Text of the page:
The appointment ended up taking well over three hours! What a long day. The dentist was very impressed with the incredible condition of my teeth. I did get a chance to do some reading while I was stuck waiting at the dentist’s office, and I read about eighty pages in “Programming Ruby“, also known as the Pickaxe Book.
After the dentist we had to run to Walmart to pick up a packing tape dispenser. One of the worst things about Newark is that it takes literally thirty to forty minutes just to run into the store, grap a simple item and get back out again. That place is a mad house. Living in this area means that even the simplest, most trivial task is stressful, expensive and time consuming.
We were starving by the time that all of this was over so we drove to the IHOP by UMDNJ and had dinner (or breakfast, who can tell.) It was after four in the afternoon by the time that we were able to have our first meal of the day.
We got home around five thirty and I set about doing some more work for the office. It wasn’t long before Dominica decided that she was really tired and went to bed to take a long, serious nap. Oreo, of course, joined her and the two slept the evening away. This worked out well because it gave me an opportunity to focus on my RIT homework which is due tomorrow. I managed to get all of my work done for class so that all that I have to do tomorrow is to continue to participate in the class discussions.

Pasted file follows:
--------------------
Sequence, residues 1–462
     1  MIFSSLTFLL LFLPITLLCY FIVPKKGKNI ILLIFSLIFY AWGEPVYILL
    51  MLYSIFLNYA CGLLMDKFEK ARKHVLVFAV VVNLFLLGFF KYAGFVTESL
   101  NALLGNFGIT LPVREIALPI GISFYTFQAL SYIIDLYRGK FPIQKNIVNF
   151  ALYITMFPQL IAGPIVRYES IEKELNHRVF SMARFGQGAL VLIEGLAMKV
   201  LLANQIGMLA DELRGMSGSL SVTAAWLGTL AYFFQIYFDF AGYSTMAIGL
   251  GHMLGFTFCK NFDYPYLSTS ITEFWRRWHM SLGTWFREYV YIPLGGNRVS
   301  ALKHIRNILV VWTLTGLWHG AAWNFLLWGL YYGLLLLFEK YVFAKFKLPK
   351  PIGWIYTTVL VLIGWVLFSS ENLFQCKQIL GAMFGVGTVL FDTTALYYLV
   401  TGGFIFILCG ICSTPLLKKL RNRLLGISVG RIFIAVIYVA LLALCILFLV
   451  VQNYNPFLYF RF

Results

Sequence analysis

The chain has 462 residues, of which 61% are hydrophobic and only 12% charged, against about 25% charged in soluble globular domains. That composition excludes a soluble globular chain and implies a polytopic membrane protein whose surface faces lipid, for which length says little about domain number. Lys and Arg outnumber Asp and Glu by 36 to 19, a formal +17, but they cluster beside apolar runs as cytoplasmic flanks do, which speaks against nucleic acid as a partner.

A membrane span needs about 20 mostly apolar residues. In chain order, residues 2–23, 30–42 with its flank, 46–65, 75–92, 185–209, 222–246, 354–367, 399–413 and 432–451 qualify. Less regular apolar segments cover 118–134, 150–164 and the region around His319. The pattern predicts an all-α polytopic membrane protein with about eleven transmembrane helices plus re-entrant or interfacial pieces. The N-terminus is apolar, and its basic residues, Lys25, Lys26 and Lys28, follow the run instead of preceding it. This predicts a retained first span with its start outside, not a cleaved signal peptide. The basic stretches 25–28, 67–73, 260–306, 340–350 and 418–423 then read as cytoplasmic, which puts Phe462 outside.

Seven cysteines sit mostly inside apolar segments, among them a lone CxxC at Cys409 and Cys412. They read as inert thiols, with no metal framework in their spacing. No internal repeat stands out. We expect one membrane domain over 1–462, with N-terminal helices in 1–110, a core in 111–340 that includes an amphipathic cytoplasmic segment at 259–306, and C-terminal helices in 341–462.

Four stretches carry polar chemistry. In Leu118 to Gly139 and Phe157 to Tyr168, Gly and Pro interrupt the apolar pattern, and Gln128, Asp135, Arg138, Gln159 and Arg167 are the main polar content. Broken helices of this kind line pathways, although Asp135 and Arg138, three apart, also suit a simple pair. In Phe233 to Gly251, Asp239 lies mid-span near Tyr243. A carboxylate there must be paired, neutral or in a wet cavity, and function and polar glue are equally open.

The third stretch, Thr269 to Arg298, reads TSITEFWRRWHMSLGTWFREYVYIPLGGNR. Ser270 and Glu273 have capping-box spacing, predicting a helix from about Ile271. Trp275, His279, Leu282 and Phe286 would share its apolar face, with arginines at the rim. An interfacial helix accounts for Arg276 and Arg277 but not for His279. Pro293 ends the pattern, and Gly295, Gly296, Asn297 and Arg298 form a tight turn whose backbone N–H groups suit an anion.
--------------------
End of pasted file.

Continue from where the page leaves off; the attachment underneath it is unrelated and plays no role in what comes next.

I also managed to do some packing as well as some dishes. The kitchen is really a mess. It is impossible to keep up with it at all.
Today, Dominica and I read a really good article in Family Circle magazine in which they interviewed two researchers from Harvard who were looking into the social ramifications of video games on children today. They had some numbers that were, of course, completely obvious to people who actually play video games but that people who don’t always seem to be surprised by. The first, of course, is that as violence in video games has increased the rate of violent crimes from children has decreased. While there is some loose evidence to show that violence in movies may contribute to violent behaviour the same has not been estabished with video games and would contradict the established data.
The article also discussed what video game “triggers” should be watched for that may indicate children with social issues. The most important one is that children who play excessive amount of video games is fine. There is no direct corellation between extreme video game usage and social issues. What should be watched for are children who are neglecting other areas. If video games are a substitute for homework, social interaction, etc. then the issue might be avoidance but interest in and use of video games on their own is not known to be a sign of a problem.
The two warning signs for which parents should be on the look out are either: girls who play more than fifteen hours per week of extremely violent games and boys who play little to no video games at all. Either of these two warning signs may indicate that a child is likely to be experiencing some level of social issue. Of course, a girl enjoying GTA4 or a boy who just loves to read does not necessarily mean that there is a problem, but it is a simply an indicator used to determine that a subject may need more careful observation. Boys who do not play any games, for example, are often missing key social interaction elements which are important to development.